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How Effective are Dental Loupes and Headlamps for Dental Care?

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By Carolyn Boyd, DDS, Diploma Library & Info Technology

Original article: Dental Loupes and Headlamps for Dental Care: Clinical Effectiveness, Cost- Effectiveness, and Guidelines. CADTH, October 2019

Magnification loupes have become commonly used by dental operators. Many if not all dental schools in Canada require students purchase and use them throughout their dentistry and dental hygiene programs. Asking practitioners who use loupes in their practices, they say they couldn’t imagine working without them. Intuitively, it makes sense that if you can see better then you can practice better, leading to the assumption that magnification results in better treatment outcomes. And, is this true?

Intuitively, it makes sense that if you can see better then you can practice better, leading to the assumption that magnification results in better treatment outcomes.

The Canadian Agency for Drugs and Technologies in Health (CADTH), set out to investigate that question. To find quality study designs, CADTH looked for health technology assessments first and then systematic reviews, which are the gold standard for evidence synthesis. After that in descending order of confidence follow meta-analysis, double blind randomized control trials (DBRCT), randomized control trials (RCT), non-randomized studies, economic evaluations, and evidence-based guidelines.

 

The CADTH Rapid Response Report was released on October 9, 2019, Dental Loupes and Headlamps for Dental Care: Clinical Effectiveness, Cost-Effectiveness, and Guidelines. The report summarizes the abstracts of the best available evidence since 2009 that address the questions of whether there are differences in clinical effectiveness when using dental loupes versus unaided vision, and when using headlamps versus operatory lights. The report is based on two systematic reviews, two randomized controlled trials, and three non-randomized research studies that specifically addressed these questions. The findings are presented in order of highest to lowest quality of evidence found.

  1. Both systematic reviews looked at endodontic treatment performed with magnification. The first review found no trials that met the inclusion criteria, so no conclusions could be drawn. The second review found that the use of magnifying loupes, surgical microscope or endoscope had no or minimal positive effect on treatment outcomes.
  2. The two randomized controlled trials found magnification tools improved scaling and root planing of teeth and removal of composite adhesive after ortho bracket debonding.
  3. The results of the 3 non-randomized studies were a mixed bag. One study suggested magnification improved the detection of white spot lesions in enamel, while another one concluded magnification with or without headlamps did not improve supragingival scaling treatment outcomes and added to treatment time. The last study did not assess treatment outcomes but found that loupes reduced endodontic treatment time.
  4. CADTH could not locate any health technology assessments, literature on cost-effectiveness, or any guidelines for the use of magnification to affect clinical effectiveness.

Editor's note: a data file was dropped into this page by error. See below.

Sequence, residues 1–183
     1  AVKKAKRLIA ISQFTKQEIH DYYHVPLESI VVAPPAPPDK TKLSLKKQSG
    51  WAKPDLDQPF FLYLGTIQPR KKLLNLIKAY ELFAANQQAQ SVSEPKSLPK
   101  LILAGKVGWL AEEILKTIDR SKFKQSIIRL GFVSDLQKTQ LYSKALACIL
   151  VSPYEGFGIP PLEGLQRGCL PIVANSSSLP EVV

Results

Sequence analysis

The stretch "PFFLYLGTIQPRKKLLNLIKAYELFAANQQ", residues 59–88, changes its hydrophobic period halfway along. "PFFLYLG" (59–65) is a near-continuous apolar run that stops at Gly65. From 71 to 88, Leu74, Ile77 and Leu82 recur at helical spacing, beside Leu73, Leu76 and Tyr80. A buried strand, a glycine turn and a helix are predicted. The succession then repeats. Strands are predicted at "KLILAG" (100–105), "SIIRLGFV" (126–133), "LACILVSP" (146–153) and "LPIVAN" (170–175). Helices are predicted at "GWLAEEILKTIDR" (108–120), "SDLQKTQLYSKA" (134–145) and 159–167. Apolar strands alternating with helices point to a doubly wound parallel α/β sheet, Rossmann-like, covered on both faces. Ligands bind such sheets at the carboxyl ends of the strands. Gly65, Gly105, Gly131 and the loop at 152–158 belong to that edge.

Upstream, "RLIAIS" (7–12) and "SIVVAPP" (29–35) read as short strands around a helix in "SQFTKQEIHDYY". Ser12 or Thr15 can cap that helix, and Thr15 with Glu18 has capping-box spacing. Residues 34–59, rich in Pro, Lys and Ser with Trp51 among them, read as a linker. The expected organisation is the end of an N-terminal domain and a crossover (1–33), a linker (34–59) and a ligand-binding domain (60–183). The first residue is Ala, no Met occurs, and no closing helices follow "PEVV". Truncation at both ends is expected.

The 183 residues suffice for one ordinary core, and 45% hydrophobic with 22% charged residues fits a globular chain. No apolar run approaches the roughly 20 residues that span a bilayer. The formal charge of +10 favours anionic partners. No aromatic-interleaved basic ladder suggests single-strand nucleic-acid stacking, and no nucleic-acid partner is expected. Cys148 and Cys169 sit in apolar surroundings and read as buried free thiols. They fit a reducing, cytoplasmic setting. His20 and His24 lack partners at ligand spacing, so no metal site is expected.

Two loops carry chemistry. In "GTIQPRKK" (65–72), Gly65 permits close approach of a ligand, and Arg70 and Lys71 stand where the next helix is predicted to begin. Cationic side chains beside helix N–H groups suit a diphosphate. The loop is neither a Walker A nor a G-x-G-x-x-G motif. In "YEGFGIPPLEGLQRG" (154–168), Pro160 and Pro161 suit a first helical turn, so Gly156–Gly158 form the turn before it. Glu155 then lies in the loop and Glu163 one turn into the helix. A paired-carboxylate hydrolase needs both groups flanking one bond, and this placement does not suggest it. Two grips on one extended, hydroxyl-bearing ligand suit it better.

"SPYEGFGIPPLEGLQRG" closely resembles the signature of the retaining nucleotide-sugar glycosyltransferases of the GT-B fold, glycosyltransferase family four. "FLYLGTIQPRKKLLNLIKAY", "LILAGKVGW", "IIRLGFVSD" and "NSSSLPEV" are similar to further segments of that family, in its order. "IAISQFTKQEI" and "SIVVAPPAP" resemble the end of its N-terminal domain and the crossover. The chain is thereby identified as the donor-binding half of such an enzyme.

Just because the evidence isn’t pointing to a hard and fast answer doesn't mean that dental loupes aren’t advantageous. The onus is on individual practitioners to choose what works best for them.

This report specifically addresses the effect of magnification on clinical effectiveness, not on whether magnification improves vision of the operator. Of course magnification allows the user to see in more detail, but does it necessarily lead to measurably improved dental care either directly or indirectly?

There are other factors to consider with magnification, such as operator comfort. For example, a recent study noted improved neck angulation that suggests loupes require the operator assume a consistent posture that may lead to long-term ergonomic comfort and musculoskeletal health (1).

It takes time for new technologies to settle into widespread use and for long-term data to be available for conclusive review. Just because the evidence isn’t pointing to a hard and fast answer doesn't mean that dental loupes aren’t advantageous. The onus is on individual practitioners to choose what works best for them.

We always look forward to hearing your thoughts and receiving your questions and/or suggestions about this post and other topics. Leave a comment in the box below or send us your feedback by email.

Reference

  1. Wajngarten D, Garcia PPNS. Effect of magnification devices on dental students’ visual acuity. Murphy BA, ed. PLoS ONE. 2019;14(3): e0212793. doi:

3 Comments

  1. Jeff Dolinsky January 7, 2020

    While randomized studies are useful for measuring treatment efficacy, this subject would be easily studied by having older practitioners (like me) try to cut preps with and without magnification and with or without headlamps.

    This is such a no brainer…

    Reply
  2. Robert Whyte January 7, 2020

    The more interesting point is any quality difference with experienced operators, not just students.

    Reply
  3. Varun Nischal January 18, 2020

    “The eyes don’t see what the mind doesn’t know.” Dental loupes and other magnification aids are no doubt good adjuncts to increasing the operator comfort during dental procedures but at the same time, complete familiarization with the tooth anatomy and morphology and what to specifically look for, ameliorate the real treatment experience.

    Reply

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